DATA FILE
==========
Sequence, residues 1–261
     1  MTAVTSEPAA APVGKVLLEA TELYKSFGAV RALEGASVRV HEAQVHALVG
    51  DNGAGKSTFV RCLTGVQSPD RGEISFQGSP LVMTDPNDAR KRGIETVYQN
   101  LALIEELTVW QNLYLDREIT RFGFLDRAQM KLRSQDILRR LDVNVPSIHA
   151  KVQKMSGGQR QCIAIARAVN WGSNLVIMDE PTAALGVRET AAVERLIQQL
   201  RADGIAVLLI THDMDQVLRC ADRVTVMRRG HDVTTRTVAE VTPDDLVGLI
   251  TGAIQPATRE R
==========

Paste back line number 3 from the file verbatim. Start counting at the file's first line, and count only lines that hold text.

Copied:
    51  DNGAGKSTFV RCLTGVQSPD RGEISFQGSP LVMTDPNDAR KRGIETVYQN